9. Why use layout spec? Some basic aspects of a document need to be defined in a document specification: Page dimensions Page margins Column width and gutter Title, header, and footer placement Text styles (elaborate) The layout spec is the basis for a document or document template. It also allows the document layout to be proofed against the spec.

  10. Why use templates? Templates serve as the manifestation of a layout spec and starting point for a new document. They also serve as a reference if parts of a document get messed up and deviate from the rest of the document. This is particularly important when a document is localized into multiple languages, as it allows all the localized versions to be compared not only to the English source, but also to the template.

  11. Styles Any text, object, or table/cell formatting needs to be based on styles. This allows consistent formatting of all document content across all languages. Manual formatting or manual overriding of style formatting should never be done, as it is not obvious, is hard to re-create, and leads to formatting inconsistencies. Storing all formatting information in styles makes it easy to update font information for languages not supported by the font used in the source (English) document. Use bullet styles instead of bullet characters and numbered list styles instead of real numbers. Use character styles to format part of a paragraph differently than the formatting applied by the paragraph style (e.g. italicize a few words).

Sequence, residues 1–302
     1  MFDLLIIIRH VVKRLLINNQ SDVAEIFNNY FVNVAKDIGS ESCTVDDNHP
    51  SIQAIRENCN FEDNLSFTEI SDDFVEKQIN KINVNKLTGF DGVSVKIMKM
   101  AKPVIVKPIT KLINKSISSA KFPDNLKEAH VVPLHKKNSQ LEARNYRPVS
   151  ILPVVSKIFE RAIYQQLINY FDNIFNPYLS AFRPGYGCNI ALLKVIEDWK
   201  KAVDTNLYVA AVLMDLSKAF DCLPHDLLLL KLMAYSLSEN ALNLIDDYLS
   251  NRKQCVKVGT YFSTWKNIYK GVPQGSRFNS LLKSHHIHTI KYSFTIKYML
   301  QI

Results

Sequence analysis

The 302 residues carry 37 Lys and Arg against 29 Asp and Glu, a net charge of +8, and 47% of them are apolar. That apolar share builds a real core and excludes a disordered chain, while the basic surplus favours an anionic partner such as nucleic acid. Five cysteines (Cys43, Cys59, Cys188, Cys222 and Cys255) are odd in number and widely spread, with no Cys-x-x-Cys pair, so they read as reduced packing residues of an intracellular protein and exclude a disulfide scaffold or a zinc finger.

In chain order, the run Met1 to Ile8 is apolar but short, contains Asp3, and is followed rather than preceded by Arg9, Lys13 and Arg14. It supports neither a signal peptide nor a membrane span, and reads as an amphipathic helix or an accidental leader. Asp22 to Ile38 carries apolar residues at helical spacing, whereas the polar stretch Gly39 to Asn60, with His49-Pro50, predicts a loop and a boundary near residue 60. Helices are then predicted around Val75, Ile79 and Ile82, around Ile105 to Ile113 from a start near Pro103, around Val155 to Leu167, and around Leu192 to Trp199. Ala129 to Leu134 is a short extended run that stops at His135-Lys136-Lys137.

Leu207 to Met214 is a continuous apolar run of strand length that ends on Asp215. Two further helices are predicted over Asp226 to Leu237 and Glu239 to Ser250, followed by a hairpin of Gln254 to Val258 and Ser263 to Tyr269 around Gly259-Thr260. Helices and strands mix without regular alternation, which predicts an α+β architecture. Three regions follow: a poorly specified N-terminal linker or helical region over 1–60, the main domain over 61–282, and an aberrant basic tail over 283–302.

12. Master pages All pages of the document need to be based on a master page. A document may have multiple master pages to support different layouts depending on content. Master pages need to be defined in the layout spec and document template.

  13. Guides Any content elements that are not aligned along the main margins or column margins require guides to be defined for consistent alignment. The guides need to be created in the master pages only, never in the content pages

  14. Images and other objects Images and other objects that appear in the flow of text need to be placed into the text frame and anchored to the text paragraph they belong to. This assures that the object will properly move with the text when the text moves. Link, don’t embed images. They are much easier to update, manipulate, or replace, especially when used multiple times in one document.